Do multivitamins ensure your body gets everything it needs? It's a complicated question without a one-size-fits-all answer.
While there’s no doubt taking multivitamins may benefit some people, experts suggest assessing your nutritional needs before popping a daily multivitamin.
“A large amount of vitamins can cause nausea, vomiting, dehydration, confusion, and organ damage, such as [to the] liver or kidney,” says medical oncologist Liudmila Schafer. “Additionally, multivitamins containing certain minerals like calcium, magnesium, or zinc can interfere with the absorption of certain medications, such as antibiotics or thyroid medications.”
That said, there are some situations in which a multivitamin may be helpful. Experts explain who may benefit from taking multivitamins and how we can make an informed decision about whether or not to include them in our daily routine.
Who should take multivitamins?
According to the National Institutes of Health (NIH), approximately one-third of all adults in the United States and one-quarter of adolescents take multivitamins. However, only a portion of them have received a recommendation from a healthcare professional to do so.
“Whether or not you should take multivitamins depends on your individual nutritional needs, which can vary depending on factors such as age, gender, health status, and dietary habits,” says dietitian Johna Burdeos. “It's important to consult with a healthcare professional before starting any supplement regimen to determine if it’s necessary and safe for you. While multivitamins can be a convenient way to help fill nutrient gaps, they shouldn’t replace a healthy diet and lifestyle.”
For example, people who are pregnant or planning to become pregnant are one population who are recommended to take vitamin supplements. The Centers for Disease Control and Prevention (CDC) recommends they get up to 400 mcg of folic acid daily to help prevent neural tube defects (NTDs) or birth defects that occur when the neural tube doesn’t close properly in newborns, like spina bifida.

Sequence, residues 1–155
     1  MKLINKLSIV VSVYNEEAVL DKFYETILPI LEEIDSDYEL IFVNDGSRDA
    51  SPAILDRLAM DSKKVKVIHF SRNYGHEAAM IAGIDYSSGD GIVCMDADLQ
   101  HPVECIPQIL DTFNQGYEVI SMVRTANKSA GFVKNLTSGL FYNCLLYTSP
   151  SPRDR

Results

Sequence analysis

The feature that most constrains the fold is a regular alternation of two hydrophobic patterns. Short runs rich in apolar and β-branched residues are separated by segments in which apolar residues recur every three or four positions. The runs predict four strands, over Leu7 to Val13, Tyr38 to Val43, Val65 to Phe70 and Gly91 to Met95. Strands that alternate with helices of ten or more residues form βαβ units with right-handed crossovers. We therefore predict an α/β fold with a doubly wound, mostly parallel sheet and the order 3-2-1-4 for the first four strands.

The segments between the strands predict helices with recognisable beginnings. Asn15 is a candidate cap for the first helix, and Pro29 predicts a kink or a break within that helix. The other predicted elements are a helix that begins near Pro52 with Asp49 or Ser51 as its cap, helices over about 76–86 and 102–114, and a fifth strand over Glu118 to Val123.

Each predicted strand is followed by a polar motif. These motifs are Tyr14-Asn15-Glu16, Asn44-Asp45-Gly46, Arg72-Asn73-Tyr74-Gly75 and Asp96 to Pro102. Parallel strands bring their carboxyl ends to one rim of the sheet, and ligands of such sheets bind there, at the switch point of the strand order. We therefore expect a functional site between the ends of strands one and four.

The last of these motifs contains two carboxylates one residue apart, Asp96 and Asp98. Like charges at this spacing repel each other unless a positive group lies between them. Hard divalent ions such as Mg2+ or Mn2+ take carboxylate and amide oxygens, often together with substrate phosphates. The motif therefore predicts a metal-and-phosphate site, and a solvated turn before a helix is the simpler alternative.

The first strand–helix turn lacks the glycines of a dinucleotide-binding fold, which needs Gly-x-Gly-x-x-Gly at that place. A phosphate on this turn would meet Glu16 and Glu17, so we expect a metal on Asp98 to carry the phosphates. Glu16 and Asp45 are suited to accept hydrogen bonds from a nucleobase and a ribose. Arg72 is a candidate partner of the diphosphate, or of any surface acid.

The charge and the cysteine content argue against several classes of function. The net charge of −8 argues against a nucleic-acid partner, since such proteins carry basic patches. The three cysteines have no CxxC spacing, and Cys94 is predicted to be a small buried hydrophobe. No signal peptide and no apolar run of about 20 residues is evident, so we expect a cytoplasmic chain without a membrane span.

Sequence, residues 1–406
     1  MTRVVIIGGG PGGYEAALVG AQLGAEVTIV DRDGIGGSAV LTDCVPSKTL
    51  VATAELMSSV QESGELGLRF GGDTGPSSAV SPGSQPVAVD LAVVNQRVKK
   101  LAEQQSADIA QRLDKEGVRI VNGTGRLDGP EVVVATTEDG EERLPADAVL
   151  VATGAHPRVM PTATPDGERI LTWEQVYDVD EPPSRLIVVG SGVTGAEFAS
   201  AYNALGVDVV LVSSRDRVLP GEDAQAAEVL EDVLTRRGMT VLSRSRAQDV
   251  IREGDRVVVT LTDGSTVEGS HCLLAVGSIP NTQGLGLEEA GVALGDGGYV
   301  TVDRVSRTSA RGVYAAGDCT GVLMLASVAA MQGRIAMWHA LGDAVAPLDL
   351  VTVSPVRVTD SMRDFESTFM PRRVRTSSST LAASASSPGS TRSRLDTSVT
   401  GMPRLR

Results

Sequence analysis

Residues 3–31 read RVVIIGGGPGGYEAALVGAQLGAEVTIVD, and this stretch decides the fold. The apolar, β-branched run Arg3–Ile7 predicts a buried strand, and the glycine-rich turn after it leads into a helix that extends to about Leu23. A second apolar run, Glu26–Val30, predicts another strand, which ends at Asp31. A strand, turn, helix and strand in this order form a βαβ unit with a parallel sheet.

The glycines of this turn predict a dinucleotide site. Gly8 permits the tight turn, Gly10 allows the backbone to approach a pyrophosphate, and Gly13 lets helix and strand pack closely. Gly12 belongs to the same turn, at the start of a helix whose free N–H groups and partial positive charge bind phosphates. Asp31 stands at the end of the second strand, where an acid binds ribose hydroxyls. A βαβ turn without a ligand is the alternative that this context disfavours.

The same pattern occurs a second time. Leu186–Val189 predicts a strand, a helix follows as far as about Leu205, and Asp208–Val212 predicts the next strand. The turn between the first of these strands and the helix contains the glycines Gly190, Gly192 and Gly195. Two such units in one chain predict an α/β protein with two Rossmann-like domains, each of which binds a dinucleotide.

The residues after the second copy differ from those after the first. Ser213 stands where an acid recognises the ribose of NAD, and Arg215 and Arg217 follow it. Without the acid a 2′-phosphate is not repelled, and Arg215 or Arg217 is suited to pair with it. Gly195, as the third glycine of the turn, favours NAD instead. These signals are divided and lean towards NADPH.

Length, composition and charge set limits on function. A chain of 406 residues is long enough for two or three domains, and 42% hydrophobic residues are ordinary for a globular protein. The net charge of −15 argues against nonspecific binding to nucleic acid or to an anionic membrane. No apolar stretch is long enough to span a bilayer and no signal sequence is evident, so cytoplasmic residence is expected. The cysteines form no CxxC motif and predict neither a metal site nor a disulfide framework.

“A multivitamin is recommended for pregnant people because it can be difficult to eat a healthy and well-balanced diet to meet the nutritional needs of the pregnancy and the mother,” says OB-GYN Brittany Noel Robles. “This is especially true if a person develops food aversions or has nausea throughout the pregnancy.”
The CDC also recommends older adults take vitamins like B12 and D as they may have trouble getting enough nutrients from their diets. Often older adults have decreased appetites and don’t eat as much, but also, their bodies can have trouble absorbing the nutrients.
Burdeos says individuals with nutrient deficiencies or absorption problems (people with cystic fibrosis, celiac disease, or other digestive disorders) and those who follow strict dietary restrictions (vegans, for example) also may benefit from taking multivitamins.
Who shouldn’t take multivitamins?
While taking a multivitamin may benefit some individuals, experts warn against taking multivitamins without consulting a healthcare professional.
Individuals who take certain medications, such as blood thinners, antibiotics, or diuretics, may require targeted supplementation rather than a multivitamin, says dietician Susan Schachter.